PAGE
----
It was on Wednesday 24th October 1945 that the United Nations officially came into existence. The charter had been signed by delegates from 50 member nations in San Francisco on Tuesday 26th June 1945 at the end of the United Nation Conference on International Organization.
The preamble to that Charter said:
‘We the people of the United Nations determined to save succeeding generations from the scourge, which twice in our lifetime has brought untold sorrow to mankind, and to reaffirm faith in fundamental human rights, … and to ensure, by the acceptance of principles and the institution of methods, that armed force shall not be used, save in the common interest, and to employ international machinery for the promotion of the economic and social advancement of all peoples, have resolved to combine our efforts to accomplish these aims.’
A United Nations resolution of 1947 stated that 24th October would henceforth be known as United Nations Day ‘and shall be devoted to making known to the people of the world the aims and achievements of the United Nations, and to gaining their support for the work of the United Nation.’
Christopher John Tarrant was born on Thursday 10th October 1946; was educated as a boarder in Choir House at the King’s School, Worcester where he represented the school at hockey and cricket. He briefly became a researcher for the Central Office of Information before becoming a newsreader on ATV Today. It was in 1974 that things progressed. For 8 years between 1974 & 82 he hosted the ITV children’s television show Tiswas. Two years later – in 1984 – he joined Capital Radio and was host for 20 years. He is probably best remembered, though, for his 16 years on the ITV game show ‘Who wants to be a Millionaire?’
In March 2014 he suffered a stroke at 39,000ft on a work flight from Thailand to London. Doctors at Charing Cross Hospital, London, told him he’d had a stroke, and did emergency surgery to remove a blood clot from his right leg. Chris recalls: “They were brilliant. I’m always aware that if I hadn’t gone I could be in a wheelchair. What happened makes me want to enjoy my life. I take medication and pills. I keep pretty active. I’ve got a big rambling estate in Berkshire so I walk around hills as I can’t stand the gym. I think I’m mentally fit, too.”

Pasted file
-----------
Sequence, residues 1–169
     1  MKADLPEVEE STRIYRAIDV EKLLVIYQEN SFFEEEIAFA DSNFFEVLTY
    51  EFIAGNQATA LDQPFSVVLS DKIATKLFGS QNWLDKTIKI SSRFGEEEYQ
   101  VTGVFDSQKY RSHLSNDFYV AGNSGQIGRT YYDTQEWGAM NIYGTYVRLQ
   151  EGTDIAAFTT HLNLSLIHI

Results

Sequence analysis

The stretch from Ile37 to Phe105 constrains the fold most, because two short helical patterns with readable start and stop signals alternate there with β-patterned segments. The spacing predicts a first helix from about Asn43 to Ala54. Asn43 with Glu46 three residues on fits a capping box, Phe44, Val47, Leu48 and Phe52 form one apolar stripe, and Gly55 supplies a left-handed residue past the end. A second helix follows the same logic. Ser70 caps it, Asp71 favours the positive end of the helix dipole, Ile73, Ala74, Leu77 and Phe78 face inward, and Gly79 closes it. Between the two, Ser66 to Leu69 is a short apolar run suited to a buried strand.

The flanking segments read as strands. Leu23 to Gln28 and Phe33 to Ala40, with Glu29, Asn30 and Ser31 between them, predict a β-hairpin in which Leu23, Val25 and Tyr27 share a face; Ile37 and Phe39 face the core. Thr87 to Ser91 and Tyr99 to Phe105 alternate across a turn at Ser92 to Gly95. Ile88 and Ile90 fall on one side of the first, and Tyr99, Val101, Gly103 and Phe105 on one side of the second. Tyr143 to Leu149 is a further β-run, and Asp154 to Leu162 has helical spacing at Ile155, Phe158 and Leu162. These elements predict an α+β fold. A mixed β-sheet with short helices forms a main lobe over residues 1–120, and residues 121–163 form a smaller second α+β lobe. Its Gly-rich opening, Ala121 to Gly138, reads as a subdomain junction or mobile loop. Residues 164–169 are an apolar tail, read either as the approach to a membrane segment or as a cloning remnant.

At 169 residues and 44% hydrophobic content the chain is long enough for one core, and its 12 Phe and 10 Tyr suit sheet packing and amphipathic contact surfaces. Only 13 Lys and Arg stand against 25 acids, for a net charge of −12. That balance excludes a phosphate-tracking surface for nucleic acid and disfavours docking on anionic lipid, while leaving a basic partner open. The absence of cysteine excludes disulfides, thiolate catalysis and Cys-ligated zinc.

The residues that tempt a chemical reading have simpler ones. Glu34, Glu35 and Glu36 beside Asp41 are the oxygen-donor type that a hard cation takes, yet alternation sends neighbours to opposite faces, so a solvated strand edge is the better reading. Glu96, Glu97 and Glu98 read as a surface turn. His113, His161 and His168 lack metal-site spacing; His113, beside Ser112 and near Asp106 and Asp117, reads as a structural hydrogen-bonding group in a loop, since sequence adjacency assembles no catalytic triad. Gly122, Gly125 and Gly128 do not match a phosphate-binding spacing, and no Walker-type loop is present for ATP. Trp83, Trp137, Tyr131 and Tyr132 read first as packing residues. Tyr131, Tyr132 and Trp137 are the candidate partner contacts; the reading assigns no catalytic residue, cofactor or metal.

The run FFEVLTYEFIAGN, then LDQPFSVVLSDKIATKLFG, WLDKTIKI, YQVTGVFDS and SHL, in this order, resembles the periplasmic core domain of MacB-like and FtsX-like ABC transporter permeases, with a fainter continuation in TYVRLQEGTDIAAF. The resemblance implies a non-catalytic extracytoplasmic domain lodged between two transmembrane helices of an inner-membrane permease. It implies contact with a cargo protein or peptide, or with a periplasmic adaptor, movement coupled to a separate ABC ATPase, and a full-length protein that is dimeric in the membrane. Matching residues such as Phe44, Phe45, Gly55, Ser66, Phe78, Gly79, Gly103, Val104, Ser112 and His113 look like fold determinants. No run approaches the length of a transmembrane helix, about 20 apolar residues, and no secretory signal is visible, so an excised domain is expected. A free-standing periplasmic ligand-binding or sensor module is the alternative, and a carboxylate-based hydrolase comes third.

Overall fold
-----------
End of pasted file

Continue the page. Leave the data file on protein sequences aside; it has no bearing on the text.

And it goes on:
Mrs Nella Last of Barrow-in-Furness was one of the many volunteer members across Britain of the Mass Observation Archive team – a community that had been set up in 1937 to observe British life by recording a day-to-day account of their everyday lives. These archives now give us a unique insight into the stories and experiences of British civilians going through a time when their country was at war.
This is from her diary for Saturday 13th September 1941 and Nella simply records seeing a child:
‘He was undersized, dirty, tousled and ragged. His poor little eyes were nearly closed with styes and when I touched his cheeks, his flesh had the soft, limp feeling of malnutrition.’
The war was having an impact on people no matter what their age.
On Monday 31st July 1944, Geraldine Chaplin was born in California. Her father was Charlie Chaplin and her mother, Oona O’Neill, was the daughter of the Irish playwright Eugene O’Neill. Charlie was in his mid fifties and Oona was just 18 when they married and Geraldine was the first of the eight children they had together.
Geraldine became multi-talented – before becoming an actress she studied ballet – and also became a successful model.
However, she soon made herself multi-skilled becoming fluent in French and Spanish. This enabled her to appear in films made by French, Spanish and English directors and, as a result, she was able to win awards for performances in all three languages! One of her early roles was that of Tonya, the wife of Dr Zhivago in David Lean’s film.